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How to prepare for sentence

If you have been charged with an offence and are intending to plead guilty, this article explains how to best prepare for your sentence proceedings in order to enhance your prospects of a favourable outcome.  Depending on the nature of the offence that you have been charged with, your criminal and traffic history and the time at which you enter your plea of guilty, following these steps might mean the difference between having an entry recorded in your criminal history or even spending time in jail (or not).

Step 1 – retain a good lawyer.

Before you skip this step and go straight to the ‘how to’, consider that a lawyer who specialises in criminal law (which, in modern practice, includes traffic offences and breaches of domestic violence orders) assists clients to prepare for sentence on a daily basis.  We can take a lot of the stress and anxiety out of preparing for sentence by, for example, providing specific guidance on how to write a character reference, connecting you with testing, therapeutic or other courses to undertake before sentencing and arranging payment of compensation or restitution through the Prosecution service.  Without a lawyer, once the preparation is done you will still need to appear in court and actually present your own case – you’ll need to draw proper attention to all of the preparation you have done and the features in your favour (both legally and circumstantially) and argue against a professional prosecutor about what the proper penalty is.  If it’s your first time appearing in court, or arguing against a professional, the conduct of your own plea might be a daunting, if not downright traumatic, experience.

With that out of the way, whether you do or don’t retain a lawyer to act for you, the following steps will help you prepare for sentence.  If you do hire a lawyer, you should ask them exactly what they want you to do in preparation for your sentence proceedings as well (and if you hire me, you now know what I’m going to suggest you do).

Apologise

As trite as it might sound, the best first step in preparing for most sentence proceedings is to apologise for your offending conduct.  If there is an identifiable ‘victim’ (as in the case of an assault, for example) it is a good idea to write them a letter apologising for your conduct.  In cases where the ‘victim’ is the community at large (as in the case of a drink driving offence or tax fraud) the apology should take the form of a letter to the court, addressed to the presiding Magistrate or Judge.  There is, obviously, some sensitivity that needs to be exercised when writing (and sending) letters of apology (for example any apology to a complainant/victim should be made via the prosecution service handling the case) and you should seek advice about how to best give an apology in your specific situation.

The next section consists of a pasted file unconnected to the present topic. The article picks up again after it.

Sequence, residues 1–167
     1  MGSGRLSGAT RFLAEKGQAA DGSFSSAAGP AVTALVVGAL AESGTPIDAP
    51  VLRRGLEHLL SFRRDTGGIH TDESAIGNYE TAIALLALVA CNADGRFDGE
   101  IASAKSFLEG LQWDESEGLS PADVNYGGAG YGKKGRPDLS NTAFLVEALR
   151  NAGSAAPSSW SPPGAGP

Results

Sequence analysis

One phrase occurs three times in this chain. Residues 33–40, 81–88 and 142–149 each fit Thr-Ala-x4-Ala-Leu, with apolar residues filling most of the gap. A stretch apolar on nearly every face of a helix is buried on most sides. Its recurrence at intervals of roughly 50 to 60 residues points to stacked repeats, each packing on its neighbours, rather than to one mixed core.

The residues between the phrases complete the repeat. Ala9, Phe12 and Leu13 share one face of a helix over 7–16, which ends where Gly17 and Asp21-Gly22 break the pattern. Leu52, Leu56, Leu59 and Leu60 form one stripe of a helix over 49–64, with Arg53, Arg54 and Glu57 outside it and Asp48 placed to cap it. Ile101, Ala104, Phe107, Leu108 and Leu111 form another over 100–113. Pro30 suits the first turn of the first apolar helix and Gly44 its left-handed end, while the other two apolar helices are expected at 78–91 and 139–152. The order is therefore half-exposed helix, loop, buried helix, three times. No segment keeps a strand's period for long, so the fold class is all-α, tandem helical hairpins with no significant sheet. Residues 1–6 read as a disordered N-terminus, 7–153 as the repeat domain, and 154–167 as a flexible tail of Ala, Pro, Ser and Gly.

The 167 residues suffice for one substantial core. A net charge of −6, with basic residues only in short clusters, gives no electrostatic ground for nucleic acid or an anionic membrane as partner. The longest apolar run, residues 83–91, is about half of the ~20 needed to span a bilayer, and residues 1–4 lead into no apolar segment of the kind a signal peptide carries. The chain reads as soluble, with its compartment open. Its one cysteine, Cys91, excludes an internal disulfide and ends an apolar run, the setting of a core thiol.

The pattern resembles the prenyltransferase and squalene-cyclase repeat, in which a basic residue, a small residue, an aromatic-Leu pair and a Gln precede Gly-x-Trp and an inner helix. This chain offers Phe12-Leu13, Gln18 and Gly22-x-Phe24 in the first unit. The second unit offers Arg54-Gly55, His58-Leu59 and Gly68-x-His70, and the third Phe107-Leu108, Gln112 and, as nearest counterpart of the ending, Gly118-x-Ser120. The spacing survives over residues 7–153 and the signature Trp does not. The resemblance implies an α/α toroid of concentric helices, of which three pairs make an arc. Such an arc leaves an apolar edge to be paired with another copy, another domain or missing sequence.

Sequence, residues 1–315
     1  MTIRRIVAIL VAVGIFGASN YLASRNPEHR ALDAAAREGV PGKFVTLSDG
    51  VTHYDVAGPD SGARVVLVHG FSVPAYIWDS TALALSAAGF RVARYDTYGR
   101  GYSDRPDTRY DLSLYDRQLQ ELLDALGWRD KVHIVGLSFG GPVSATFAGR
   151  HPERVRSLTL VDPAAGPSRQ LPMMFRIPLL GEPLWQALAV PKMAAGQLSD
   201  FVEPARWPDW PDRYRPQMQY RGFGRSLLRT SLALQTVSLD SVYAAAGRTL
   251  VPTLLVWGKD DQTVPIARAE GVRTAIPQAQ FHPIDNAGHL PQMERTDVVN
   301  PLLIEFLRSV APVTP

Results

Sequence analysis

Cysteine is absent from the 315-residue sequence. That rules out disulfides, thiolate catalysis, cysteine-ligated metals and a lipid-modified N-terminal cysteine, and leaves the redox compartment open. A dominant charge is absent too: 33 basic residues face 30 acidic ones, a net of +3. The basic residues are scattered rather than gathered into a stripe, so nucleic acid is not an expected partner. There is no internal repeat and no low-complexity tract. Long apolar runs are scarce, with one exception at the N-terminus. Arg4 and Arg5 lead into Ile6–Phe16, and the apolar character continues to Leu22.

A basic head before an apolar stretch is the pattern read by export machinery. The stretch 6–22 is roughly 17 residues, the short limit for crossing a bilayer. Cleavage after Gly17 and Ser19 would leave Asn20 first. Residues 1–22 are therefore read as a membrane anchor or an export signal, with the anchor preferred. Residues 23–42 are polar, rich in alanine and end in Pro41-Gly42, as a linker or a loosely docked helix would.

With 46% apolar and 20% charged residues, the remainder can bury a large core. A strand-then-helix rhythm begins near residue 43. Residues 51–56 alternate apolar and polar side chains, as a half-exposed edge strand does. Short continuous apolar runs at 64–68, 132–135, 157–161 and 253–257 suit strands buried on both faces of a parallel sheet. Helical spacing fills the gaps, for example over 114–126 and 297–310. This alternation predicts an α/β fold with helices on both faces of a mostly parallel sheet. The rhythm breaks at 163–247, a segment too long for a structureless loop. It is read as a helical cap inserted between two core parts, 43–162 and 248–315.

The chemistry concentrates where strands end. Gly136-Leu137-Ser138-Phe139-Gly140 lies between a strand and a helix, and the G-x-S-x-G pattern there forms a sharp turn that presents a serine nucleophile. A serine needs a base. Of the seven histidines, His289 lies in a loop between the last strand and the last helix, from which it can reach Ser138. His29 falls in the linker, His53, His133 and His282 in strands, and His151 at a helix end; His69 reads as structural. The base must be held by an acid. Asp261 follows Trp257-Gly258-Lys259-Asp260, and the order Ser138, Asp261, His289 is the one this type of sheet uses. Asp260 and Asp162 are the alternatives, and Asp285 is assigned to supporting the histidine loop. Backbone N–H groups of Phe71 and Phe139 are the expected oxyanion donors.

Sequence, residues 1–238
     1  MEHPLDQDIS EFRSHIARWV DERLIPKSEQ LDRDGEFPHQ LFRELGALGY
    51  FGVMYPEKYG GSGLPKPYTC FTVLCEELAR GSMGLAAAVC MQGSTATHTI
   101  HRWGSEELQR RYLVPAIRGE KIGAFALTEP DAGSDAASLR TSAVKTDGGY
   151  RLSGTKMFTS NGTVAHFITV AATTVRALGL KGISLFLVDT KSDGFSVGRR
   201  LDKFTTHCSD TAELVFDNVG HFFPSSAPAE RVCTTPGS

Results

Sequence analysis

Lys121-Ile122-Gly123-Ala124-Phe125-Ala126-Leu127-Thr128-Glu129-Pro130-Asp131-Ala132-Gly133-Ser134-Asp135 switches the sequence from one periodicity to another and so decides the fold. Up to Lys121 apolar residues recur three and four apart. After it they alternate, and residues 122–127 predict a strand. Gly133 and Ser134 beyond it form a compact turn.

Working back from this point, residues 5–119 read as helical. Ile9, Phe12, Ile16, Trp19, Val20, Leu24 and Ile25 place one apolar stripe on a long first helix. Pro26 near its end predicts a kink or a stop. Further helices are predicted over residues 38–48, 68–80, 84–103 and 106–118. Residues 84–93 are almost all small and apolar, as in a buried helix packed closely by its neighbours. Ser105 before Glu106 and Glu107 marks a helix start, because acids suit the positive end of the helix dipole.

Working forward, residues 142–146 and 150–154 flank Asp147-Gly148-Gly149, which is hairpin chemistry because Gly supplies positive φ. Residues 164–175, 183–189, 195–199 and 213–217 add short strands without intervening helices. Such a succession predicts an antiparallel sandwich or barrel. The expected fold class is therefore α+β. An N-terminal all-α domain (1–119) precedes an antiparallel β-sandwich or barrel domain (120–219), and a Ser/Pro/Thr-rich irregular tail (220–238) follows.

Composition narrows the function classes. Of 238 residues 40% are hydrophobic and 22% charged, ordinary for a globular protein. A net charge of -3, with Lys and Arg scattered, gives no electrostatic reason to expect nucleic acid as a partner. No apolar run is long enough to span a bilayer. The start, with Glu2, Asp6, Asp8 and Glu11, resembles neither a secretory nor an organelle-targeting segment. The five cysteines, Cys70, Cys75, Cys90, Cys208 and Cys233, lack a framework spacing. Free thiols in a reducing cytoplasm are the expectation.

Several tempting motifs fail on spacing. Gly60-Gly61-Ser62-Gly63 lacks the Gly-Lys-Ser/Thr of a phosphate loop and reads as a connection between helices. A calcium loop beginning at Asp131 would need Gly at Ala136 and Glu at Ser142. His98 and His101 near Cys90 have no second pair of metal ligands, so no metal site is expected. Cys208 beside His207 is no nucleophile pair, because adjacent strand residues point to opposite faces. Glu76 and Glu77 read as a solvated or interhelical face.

Pay compensation or restitution

In addition to an apology, if there is an identifiable victim of your offence it is often advisable to pay them a sum of money as compensation or restitution (the difference being that restitution is a fixed amount payable to make up for specific damage, for example the cost of a broken window or a dental bill, whereas compensation is a more general payment as an apology).  Compensation or restitution should be paid via the prosecution service, and written confirmation of the payment having been made or accepted (or declined, as sometimes happens) should be asked for.

In cases where there is a monetary loss, for example in fraud offences, it is often of immense benefit if you can repay some, or all, of the amount which was taken before you are sentenced.  It is normally very difficult to do this (particularly if the fraud is large), so it is not done very often, and if you can manage it you will set yourself apart from most other people in your same situation.

Prepare character references